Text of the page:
Trolling: An Annoying Consequence of First Amendment

Trolls. 20-30 years ago if you asked someone what a troll was you would probably be described something that looks like this:

tumblr_lldhkyeawZ1qb09blo1_500Today, a troll is something far more sinister. As defined by Urban Dictionary, Trolls are “An internet troll is a person who uses anonymity to cause frustration, anger, impatience or to generally be disruptive for no seemingly good reason EXCEPT to be that nuisance…General troll behavior:disruptive forum posts; the posts are generally off-topic, or unnecessarily combative. Each contemporary popular website has its own sub-genre of troll”.

The reason why trolls are on my mind is due to an article that I had read recently about such a phenomenon. I have never been bothered by trolls. They simply exist to start arguments and debates and I have never had any problem simply ignoring their presence. This was a different story. Trolling may be all fun and games to the person sending out the hateful messages, but to the person receiving them it could easily building up and force them to feel harassed. It is essentially a form of cyberbullying except these are not your peers. This individual does not know you personally (usually) and they are simply doing this to get a reaction.

Trolling is a problem and unfortunately it stems from out own First Amendment rights. We have a freedom of speech and this means that we are allowed to express our opinion, even if that opinion is simply being used to elicit a reaction. The First Amendment is the reason why the Westboro Baptist Church is allowed to picket funerals of dead soldiers. It is the consequence of allowing the freedom of speech. I am not advocating that we remove our right’s as American citizens but there needs to be a line drawn between what can and cannot be said. If a line was drawn then Jessica Laney, a 16 year old who was harassed and abused until she committed suicide, would still be alive. Trolls are a problem and they need to be dealt with.

Here is an infograph about trolls for your enjoyment:


3 thoughts on “Trolling: An Annoying Consequence of First Amendment

  1. You bring up an important point that we have not really discussed that much in class. On the one hand, being anonymous is great on the internet because we get honest opinions and discussions about controversial topics that people might not be willing to discuss otherwise because of embarrassment, family, or job related reasons. Yet, being anonymous and causing intention harm is different. In a school setting, no child could bully another without getting in trouble if an adult found out, but on the internet you can’t tell if the person behind a computer is an adult, child,or mentally ill. In the virtual world, and adult can be bullying a child even… and that is not right. It would be great if parents could monitor their children’s activity on the internet more effectively but this isn’t the case at the moment especially since kids know more about technology than their parents do. This is one problem that we will need to address soon because we are now starting to understand the workings of the internet and the harm that it can cause.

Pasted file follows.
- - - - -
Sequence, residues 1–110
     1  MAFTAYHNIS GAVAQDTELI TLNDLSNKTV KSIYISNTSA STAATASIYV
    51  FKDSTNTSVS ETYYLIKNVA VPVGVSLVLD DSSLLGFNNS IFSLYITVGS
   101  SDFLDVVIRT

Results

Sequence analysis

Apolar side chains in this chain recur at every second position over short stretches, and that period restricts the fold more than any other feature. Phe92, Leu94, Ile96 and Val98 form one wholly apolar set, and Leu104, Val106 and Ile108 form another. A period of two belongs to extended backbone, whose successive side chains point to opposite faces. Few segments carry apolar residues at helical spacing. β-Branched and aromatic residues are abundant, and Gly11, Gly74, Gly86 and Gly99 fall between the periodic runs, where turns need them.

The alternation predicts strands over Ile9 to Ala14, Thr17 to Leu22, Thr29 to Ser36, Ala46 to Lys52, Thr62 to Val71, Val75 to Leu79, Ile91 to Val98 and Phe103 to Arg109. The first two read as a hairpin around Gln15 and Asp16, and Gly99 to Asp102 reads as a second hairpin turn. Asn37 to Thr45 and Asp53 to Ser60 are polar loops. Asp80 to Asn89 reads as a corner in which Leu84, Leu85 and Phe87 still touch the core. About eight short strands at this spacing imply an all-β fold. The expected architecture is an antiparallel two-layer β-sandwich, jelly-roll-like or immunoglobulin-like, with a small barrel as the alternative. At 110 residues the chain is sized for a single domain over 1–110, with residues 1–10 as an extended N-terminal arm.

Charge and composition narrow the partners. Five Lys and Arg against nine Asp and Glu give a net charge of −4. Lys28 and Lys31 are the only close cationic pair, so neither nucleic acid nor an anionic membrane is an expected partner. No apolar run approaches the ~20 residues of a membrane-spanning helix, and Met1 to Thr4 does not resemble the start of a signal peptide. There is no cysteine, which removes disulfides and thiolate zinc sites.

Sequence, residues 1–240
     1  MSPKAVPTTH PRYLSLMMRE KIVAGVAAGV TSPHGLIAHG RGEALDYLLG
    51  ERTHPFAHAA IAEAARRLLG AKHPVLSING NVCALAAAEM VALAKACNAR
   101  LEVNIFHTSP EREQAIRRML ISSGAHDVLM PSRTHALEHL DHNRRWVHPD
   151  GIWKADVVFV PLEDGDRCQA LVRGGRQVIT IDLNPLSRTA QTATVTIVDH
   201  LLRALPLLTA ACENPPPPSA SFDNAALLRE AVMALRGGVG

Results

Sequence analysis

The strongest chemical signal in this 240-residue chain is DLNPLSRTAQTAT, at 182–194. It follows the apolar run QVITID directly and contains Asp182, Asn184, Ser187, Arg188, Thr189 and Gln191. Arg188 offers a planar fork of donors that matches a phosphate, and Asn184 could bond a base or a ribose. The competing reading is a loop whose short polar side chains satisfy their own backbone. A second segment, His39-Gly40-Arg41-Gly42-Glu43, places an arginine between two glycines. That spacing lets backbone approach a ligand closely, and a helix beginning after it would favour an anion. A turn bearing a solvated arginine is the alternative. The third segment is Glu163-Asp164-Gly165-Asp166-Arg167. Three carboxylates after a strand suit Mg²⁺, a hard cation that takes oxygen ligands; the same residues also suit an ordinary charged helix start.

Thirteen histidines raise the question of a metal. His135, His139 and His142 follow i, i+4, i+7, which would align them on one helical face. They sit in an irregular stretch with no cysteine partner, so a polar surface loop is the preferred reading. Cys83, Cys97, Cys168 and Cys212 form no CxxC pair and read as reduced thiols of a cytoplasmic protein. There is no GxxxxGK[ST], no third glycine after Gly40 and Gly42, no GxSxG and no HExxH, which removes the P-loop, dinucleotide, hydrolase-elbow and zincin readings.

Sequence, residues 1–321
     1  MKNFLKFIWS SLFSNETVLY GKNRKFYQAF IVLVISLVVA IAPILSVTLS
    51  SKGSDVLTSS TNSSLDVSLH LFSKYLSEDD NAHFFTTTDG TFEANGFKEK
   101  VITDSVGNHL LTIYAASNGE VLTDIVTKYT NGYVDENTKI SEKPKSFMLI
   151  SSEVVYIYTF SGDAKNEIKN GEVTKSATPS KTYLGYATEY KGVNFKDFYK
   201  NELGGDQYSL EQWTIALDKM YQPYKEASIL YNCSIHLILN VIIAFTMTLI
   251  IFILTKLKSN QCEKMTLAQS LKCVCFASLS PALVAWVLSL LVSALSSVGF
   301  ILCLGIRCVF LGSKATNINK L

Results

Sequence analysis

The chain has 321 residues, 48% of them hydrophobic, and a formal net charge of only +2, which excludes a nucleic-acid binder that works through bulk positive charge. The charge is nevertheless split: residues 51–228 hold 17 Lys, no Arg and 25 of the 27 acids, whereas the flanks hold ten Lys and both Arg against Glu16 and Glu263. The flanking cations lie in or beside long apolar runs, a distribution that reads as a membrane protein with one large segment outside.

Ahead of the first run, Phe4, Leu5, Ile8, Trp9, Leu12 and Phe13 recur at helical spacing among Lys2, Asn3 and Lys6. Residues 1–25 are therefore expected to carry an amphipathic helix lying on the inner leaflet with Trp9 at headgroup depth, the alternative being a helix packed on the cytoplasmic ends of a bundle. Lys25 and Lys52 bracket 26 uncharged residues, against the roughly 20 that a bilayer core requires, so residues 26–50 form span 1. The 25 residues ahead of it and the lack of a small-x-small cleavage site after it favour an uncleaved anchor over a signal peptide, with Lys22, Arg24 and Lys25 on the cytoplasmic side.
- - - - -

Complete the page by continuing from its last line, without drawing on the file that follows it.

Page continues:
2. trolls are definitely a very real part of the internet and multiplying exponentially by the day. How many of us hate trying to read comments on Youtube and coming across the rude, perverted and just plain off topic comments that do nothing but waste space and offend the uploader of the video? one student briefly brought up in class how Google was trying to make Youtube users link their YouTube names to their Google+ accounts in order to stop this anonymity. I’m not sure if this is optional or will become required of all of us with Youtube accounts, but making it a requirement could definitely help with the incessant trolling we are seeing as of late. putting a name to a comment could very well help the situation, but I’m not sure if it would stop it completely given there are always those individuals who abuse their freedom of speech and do not care to make a fool of themselves on the Internet.

  3. I agree. Trolls on the internet are such horrible creatures. I recall when I was a child and a troll came up on my beloved Windows 95 Internet Explorer that I still use today. We played a game of chess and he turned all of my pieces into frogs and unfairly used this to his advantage. He simply got his knights and ran them all over with his equestrian L-Shaped plan of doom. Since then, I’ve never brought my pet frog into the Amish community. Even though they don’t have internet and I know that I’ll be safe from trolls, there’s so many horses there and my PTSD prevents me from ever entering an Amish community with my pet frog.

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